From that moment, Richmond catapulted into a joyful, healing section of the dance. Assistant Professor of Dance Adanna Kai Jones, Richmond’s honors advisor, emphasized the role of the community behind Richmond’s journey to joy, both on and off the stage.

“There’s one person on the stage at points, sometimes there’s five people on the stage at points. But in every single moment there’s a sense of ‘Somebody helped me to get here’, even if it’s people that [he’s] never met because he’s referring back to the 1800s,” Jones said. “When they say it takes a village, I see it in him. I see all the ways people show up for him because he’s deserving, he’s worthy and he’s committed.… So it’s also a testament to Dylan’s inner light and I think it was great that he performed the journey to expressing and showing his inner light.”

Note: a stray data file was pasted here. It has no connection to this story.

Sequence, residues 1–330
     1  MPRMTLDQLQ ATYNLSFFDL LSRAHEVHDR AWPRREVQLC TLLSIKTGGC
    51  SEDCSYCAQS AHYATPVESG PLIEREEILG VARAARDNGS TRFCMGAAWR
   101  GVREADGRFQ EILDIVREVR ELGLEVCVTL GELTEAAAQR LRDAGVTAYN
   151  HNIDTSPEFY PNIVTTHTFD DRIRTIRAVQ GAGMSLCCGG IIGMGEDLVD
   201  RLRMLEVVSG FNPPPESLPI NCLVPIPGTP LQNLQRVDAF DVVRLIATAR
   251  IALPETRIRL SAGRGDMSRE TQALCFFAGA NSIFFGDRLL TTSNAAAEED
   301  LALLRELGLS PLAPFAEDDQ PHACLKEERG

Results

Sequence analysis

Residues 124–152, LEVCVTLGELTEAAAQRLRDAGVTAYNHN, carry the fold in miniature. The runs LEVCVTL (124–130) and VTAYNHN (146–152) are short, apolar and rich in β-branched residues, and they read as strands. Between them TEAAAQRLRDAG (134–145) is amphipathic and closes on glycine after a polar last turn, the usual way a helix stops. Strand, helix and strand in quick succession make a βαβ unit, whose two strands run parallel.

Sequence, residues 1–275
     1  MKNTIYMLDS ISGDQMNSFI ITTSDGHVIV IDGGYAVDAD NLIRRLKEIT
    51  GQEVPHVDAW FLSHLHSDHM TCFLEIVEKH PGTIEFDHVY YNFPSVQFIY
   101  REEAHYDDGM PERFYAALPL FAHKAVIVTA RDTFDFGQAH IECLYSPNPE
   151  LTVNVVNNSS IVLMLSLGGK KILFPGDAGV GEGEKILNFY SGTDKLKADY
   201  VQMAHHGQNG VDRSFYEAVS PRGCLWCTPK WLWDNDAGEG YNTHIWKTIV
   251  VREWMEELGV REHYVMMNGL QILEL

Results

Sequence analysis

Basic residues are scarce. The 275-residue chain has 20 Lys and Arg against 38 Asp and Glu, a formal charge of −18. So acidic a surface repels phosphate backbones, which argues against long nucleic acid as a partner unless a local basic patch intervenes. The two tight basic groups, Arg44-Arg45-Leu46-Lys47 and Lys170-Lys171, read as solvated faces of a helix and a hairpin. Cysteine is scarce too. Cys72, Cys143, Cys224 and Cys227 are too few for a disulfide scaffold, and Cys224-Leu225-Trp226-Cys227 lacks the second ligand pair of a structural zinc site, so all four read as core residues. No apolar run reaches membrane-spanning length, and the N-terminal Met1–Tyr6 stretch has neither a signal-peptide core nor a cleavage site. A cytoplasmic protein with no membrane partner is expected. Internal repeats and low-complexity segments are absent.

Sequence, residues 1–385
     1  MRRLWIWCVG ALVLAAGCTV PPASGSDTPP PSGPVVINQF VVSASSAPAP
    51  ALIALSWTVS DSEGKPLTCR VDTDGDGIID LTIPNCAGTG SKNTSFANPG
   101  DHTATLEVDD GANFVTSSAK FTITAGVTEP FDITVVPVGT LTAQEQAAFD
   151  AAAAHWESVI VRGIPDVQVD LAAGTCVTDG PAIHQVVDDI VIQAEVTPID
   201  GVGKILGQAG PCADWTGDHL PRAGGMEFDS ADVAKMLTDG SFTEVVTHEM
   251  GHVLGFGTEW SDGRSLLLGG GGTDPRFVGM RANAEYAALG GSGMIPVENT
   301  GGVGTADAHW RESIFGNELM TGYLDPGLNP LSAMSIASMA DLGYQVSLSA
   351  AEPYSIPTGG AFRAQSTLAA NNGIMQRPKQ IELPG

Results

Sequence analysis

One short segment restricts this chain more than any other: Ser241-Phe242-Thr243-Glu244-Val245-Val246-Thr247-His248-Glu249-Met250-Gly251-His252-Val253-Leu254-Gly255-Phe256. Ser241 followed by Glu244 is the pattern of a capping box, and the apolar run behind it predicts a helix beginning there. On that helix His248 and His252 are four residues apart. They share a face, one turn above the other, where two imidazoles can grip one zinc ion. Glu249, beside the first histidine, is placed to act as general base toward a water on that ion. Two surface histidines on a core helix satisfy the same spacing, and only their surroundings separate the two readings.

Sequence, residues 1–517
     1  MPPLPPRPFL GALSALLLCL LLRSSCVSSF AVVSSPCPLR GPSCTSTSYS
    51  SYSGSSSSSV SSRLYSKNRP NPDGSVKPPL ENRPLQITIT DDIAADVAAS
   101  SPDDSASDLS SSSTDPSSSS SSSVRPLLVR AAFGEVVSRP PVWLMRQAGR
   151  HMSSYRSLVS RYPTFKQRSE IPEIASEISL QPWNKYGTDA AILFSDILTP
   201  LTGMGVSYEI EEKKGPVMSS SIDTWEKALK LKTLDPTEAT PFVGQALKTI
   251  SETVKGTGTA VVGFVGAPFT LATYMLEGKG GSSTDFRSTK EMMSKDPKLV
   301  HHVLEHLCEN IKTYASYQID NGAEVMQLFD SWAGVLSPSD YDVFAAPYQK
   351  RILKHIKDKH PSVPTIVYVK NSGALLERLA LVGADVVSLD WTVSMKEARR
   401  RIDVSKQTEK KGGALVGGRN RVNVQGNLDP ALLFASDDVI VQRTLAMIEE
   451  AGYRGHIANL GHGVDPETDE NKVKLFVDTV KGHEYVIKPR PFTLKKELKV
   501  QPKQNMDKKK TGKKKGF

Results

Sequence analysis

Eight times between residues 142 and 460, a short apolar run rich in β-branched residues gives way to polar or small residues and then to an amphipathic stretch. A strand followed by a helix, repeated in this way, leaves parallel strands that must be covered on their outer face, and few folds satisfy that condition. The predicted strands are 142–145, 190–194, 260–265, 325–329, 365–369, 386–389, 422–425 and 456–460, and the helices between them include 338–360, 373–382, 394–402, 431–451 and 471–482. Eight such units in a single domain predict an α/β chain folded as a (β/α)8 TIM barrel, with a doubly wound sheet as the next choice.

Richmond hopes that his journey throughout the course of the work left the audience thinking about love as an enduring force. The title of the performance, “I am Bearing Myself in the Mouth of the Sun,” inspired by a June Jordan poem, directly speaks to the power of love in the face of oppression.

“If you think about my title ‘to bear’ yourself … A part of the program includes definitions of ‘bear’. One of them is to endure. How do you continue this work by enduring and persevering?” Richmond said. “How are we going to move forward and continue the work of using love as the force? Love as a life force. Loving each other, loving yourself as a way to stop violence. How to use love to live through and endure violence.”